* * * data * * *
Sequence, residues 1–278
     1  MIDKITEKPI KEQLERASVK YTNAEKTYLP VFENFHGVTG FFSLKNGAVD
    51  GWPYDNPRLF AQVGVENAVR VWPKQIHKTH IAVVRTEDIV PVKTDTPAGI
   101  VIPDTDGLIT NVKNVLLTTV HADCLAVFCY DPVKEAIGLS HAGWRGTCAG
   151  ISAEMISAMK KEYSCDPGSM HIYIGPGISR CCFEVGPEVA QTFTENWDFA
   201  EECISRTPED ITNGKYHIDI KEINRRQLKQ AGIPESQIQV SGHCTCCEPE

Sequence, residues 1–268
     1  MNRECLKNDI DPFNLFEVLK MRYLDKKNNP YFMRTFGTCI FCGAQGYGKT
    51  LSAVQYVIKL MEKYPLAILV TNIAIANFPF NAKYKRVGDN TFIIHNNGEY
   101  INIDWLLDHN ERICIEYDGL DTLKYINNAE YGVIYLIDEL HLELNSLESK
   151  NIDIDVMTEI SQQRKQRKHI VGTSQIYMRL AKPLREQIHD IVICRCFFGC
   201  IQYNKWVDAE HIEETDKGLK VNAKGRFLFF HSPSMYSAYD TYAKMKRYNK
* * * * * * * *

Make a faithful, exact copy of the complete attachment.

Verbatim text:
Sequence, residues 1–278
     1  MIDKITEKPI KEQLERASVK YTNAEKTYLP VFENFHGVTG FFSLKNGAVD
    51  GWPYDNPRLF AQVGVENAVR VWPKQIHKTH IAVVRTEDIV PVKTDTPAGI
   101  VIPDTDGLIT NVKNVLLTTV HADCLAVFCY DPVKEAIGLS HAGWRGTCAG
   151  ISAEMISAMK KEYSCDPGSM HIYIGPGISR CCFEVGPEVA QTFTENWDFA
   201  EECISRTPED ITNGKYHIDI KEINRRQLKQ AGIPESQIQV SGHCTCCEPE

Sequence, residues 1–268
     1  MNRECLKNDI DPFNLFEVLK MRYLDKKNNP YFMRTFGTCI FCGAQGYGKT
    51  LSAVQYVIKL MEKYPLAILV TNIAIANFPF NAKYKRVGDN TFIIHNNGEY
   101  INIDWLLDHN ERICIEYDGL DTLKYINNAE YGVIYLIDEL HLELNSLESK
   151  NIDIDVMTEI SQQRKQRKHI VGTSQIYMRL AKPLREQIHD IVICRCFFGC
   201  IQYNKWVDAE HIEETDKGLK VNAKGRFLFF HSPSMYSAYD TYAKMKRYNK